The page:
Arturo Soria and the Linear City


"The key factor in urban living is not distance but travel time."


The Linear City", Arturo Soria

September 30th and October 7th, 2002 - In contrast to Ebenezer Howard and the Garden City Movement where large cities are considered to be the antithesis of good city planning, Arturo Soria (1892) believed that large cities well in excess of one million residents could be built to provide a decent quality of life. A key building block to the construction of such large cities was the development of fast mass transit systems capable of transporting passengers across vast distances that not only separated neighborhoods within a city but indeed, between cities themselves. When Soria proposed this type of development, the fast moving trolleys of the late 19th Century maintained speeds of about 30 kms per hour, resulting in Linear Cities of less than 30 kms in length.

While Soria recognized the limited speed of 19th Century mass transit systems, some of his later day followers believed that the development of Linear Cities would one day include urban corridors such as the US Northeast Corridor or Tokyo-Osaka-Nagoya that would stretch for hundreds of kilometers. And while such urban corridors have evolved, there are few if any transportation systems currently in operation that are able to provide the urban commuting service necessary to transport workers to their workplaces hundreds of kilometers in distance, quickly, affordably, conveniently, and consistently. (The sole exception could be the Shinkansen in Japan.)

The contrast between the Garden City Movement and the Linear City is being debated today so that planners can find an alternative development scheme to manage the growing urban population boom in this century. According to the International Herald Tribune, in the next 40 years, the equivalent of 1000 new cities, each with a population of 3 million people, will have to be built to manage urban population growth demands.
It is evident that the Garden City Movement while very appealing in the developed world, will fall far short in providing a decent urban environment for such large expected urban population growths, especially in Asia and Africa. Even in China, the government has adopted the "Linear City" concept. While the Chinese policy is called the Interlocking Metropolitan Region, the design is consistent with the approach favored by Soria.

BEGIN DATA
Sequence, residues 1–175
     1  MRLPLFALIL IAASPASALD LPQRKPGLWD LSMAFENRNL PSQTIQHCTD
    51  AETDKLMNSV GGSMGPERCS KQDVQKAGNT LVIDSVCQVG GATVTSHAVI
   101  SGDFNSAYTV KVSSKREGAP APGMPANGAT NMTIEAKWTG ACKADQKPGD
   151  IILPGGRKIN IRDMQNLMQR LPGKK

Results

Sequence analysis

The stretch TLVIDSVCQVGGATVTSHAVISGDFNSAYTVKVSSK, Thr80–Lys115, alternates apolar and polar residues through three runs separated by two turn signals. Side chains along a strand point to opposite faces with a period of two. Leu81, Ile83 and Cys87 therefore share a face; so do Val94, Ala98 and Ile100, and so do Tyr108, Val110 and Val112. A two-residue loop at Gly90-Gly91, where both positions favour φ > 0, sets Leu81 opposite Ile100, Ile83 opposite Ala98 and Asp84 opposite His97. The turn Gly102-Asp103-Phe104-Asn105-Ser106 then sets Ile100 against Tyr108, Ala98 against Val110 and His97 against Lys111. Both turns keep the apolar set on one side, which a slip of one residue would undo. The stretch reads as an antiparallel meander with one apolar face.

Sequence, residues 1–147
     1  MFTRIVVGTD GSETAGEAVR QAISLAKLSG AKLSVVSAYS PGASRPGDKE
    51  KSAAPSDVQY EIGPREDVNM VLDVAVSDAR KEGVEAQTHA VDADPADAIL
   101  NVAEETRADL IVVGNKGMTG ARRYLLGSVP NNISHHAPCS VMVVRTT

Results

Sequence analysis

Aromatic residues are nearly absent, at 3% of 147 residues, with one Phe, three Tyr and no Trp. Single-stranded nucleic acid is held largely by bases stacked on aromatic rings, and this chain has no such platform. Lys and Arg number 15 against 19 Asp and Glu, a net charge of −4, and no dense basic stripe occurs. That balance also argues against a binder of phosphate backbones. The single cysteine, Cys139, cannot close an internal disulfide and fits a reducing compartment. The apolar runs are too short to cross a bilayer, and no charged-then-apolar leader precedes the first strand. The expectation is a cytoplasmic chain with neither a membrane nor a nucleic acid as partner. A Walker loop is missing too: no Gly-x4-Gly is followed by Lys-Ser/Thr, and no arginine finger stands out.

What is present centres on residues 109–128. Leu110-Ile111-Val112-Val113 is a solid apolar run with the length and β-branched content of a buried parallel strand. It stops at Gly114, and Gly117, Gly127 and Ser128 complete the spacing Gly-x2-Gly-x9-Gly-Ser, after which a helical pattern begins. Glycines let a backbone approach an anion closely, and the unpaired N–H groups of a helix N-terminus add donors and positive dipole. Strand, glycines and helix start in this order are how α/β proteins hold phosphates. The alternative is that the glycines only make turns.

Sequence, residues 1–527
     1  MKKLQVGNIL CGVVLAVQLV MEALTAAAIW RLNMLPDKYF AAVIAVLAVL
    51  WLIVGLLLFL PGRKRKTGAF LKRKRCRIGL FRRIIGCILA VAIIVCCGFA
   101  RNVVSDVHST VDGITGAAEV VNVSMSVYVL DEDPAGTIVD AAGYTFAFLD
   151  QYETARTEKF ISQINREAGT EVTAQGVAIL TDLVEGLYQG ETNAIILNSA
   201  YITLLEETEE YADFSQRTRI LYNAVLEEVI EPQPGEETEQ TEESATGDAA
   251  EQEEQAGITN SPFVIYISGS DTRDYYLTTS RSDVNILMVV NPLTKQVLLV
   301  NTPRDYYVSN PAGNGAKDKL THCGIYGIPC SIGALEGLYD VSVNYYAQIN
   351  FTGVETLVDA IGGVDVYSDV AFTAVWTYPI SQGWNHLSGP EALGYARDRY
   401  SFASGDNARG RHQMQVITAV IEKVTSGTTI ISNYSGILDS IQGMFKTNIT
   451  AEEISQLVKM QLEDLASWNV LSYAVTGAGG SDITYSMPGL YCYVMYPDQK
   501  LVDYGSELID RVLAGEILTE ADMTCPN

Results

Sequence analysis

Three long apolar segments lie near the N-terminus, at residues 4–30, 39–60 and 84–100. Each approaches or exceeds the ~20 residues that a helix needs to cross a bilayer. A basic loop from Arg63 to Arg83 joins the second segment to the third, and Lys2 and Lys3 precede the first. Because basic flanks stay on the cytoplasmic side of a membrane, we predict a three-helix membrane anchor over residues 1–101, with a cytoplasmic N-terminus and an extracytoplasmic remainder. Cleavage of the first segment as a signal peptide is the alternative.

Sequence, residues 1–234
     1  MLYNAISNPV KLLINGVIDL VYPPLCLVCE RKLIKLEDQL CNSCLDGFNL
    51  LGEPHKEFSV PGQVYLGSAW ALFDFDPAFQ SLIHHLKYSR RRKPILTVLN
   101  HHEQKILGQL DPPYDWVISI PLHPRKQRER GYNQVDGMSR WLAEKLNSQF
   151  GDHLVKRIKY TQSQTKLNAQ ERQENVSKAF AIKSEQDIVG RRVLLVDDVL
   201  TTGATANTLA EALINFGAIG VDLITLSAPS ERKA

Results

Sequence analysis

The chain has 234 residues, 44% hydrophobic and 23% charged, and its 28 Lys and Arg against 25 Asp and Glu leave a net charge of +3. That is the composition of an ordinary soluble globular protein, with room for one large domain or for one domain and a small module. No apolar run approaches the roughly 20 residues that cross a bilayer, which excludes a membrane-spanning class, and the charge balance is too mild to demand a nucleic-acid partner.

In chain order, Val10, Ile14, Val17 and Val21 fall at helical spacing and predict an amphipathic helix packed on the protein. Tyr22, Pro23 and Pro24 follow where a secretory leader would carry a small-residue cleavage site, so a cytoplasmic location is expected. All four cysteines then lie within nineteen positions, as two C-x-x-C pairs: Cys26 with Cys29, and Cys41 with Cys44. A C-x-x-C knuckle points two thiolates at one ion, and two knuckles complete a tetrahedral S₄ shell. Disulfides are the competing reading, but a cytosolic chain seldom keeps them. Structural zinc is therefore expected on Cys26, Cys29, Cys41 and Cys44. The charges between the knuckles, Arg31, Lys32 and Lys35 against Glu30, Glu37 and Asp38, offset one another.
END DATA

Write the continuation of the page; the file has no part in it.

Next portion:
Although Soria's concept is over 100 years old, the evolution of new transportation and telecommunications technologies are now just beginning to provide urban planners with the infrastructure to merge adjacent metropolitan regions into a single urban catchment region. Arturo Soria did not advocate that cities should grow outwardly by pouring concrete over agricultural lands and the countryside. He instead favored the developed of a polycentric linear city where urban settlement patterns would be localized in "Urban Islands" that would facilitate countryside access to urban residents and would preserve a viable agricultural economy.

The Interactive Megalopolis replicates the very design principles established by Arturo Soria. Magplane would provide easy access to urban corridor residents because the Magplane system would serve numerous well-located stations. And because Magplane is able to transport passengers directly between their point of origin and destination without making time-consuming intermediate stops, corridor residents could travel longer distances. The combined effect of transportation and telecommunication technologies would enable employers to organize their workforces differently to minimize the need for long distance travel while maximizing an opportunity to travel such long urban distances, when absolutely necessary.

The Magplane system provides an effective and environmentally sustainable method to build and manage the growth of Linear Cities that Arturo Soria promoted. His Linear City Concept and the Magplane system are timely contributions to alternative urban developments that will be needed in the first half of this century.

Sources:
The Linear City and Arturo Soria